If you’re a single woman over 40, chances are you’ve spent some time huddled in the cold, wet muck of life’s trenches. Statistically speaking, you’ve probably been married and divorced (or at least coupled and uncoupled). There’s also a decent chance you’re a single mother who understands what it is to lose yourself in duty and come home to yourself. Or maybe you were so focused on building your career that marriage and babies were the furthest thing from your mind, and you had to endure endless questioning about when you were going to settle down. As if marriage and children are a shortcut to purpose.
Whatever life war you were waging, here’s what I—a single woman over 40—know about you: You spent countless hours belly down in the mud, with survival as your main goal. You gained and lost battleground. You have battle scars that you wear like a badge of honour. You lost yourself, rediscovered yourself, reinvented and rebuilt yourself. Sure, you knew there were other soldiers on that battlefield with you, but in the dark and chaos, you often felt like you were fighting a hopeless war. Woefully alone. You came out on the other side a woman who knows her value, who has tested her strength, who loves herself, shadows and all.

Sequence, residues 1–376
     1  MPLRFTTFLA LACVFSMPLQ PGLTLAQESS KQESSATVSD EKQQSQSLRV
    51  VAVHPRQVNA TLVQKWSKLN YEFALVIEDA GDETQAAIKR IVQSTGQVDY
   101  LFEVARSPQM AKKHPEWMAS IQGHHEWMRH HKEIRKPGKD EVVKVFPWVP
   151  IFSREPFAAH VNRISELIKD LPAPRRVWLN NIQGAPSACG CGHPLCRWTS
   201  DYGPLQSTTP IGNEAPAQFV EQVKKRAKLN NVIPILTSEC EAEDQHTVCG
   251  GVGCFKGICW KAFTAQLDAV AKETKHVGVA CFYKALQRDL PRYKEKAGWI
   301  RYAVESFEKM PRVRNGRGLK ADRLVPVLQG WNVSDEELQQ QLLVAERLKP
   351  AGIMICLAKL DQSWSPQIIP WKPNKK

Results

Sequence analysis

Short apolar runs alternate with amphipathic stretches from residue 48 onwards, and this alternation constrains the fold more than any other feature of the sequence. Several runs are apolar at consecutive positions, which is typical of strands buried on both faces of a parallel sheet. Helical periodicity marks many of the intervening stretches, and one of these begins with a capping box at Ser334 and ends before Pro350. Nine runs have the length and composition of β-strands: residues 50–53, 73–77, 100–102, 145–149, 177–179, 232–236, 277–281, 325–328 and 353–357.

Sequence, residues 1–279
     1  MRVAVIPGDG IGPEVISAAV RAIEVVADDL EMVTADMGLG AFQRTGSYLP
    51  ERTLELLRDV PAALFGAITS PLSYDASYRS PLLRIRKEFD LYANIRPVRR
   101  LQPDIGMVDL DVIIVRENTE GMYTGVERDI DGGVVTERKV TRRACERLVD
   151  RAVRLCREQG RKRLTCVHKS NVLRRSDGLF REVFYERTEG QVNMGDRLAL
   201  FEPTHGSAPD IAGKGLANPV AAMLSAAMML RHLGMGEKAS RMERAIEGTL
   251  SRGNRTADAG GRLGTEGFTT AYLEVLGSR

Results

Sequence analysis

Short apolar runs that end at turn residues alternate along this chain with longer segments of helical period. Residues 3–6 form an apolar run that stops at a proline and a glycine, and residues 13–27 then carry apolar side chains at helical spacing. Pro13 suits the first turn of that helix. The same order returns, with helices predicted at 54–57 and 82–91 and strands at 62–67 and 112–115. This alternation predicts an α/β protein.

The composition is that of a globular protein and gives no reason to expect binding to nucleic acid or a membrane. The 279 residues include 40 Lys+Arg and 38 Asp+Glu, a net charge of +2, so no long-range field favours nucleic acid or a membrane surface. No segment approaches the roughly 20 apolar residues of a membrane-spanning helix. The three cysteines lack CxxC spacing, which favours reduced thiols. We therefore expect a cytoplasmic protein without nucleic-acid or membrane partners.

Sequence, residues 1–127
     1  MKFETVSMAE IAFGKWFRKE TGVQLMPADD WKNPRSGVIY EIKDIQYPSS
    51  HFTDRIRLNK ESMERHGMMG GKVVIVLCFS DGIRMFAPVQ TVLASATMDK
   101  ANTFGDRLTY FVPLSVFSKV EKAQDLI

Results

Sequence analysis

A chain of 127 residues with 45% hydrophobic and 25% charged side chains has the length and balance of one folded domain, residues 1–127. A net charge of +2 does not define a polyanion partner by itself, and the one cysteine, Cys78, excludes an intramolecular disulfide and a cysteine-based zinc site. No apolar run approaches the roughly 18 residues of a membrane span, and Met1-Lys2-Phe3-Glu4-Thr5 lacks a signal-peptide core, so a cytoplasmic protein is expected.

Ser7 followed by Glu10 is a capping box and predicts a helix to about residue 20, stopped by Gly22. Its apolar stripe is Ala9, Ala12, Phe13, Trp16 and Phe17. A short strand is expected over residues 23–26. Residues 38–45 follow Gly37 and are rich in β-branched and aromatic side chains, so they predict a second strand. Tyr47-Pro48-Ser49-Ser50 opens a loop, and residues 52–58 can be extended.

You’re healed, you’re whole, and you finally feel ready to bring a partner into the new life you’ve carefully crafted for yourself (versus the loneliness-fuelled series of post-freedom mistakes you initially made). Not because you need someone. You don’t need anyone—you’ve done it all alone, and well. You’re happy to be flying this plane solo. But the right co-pilot sure would make the skies feel a little friendlier, no matter the weather.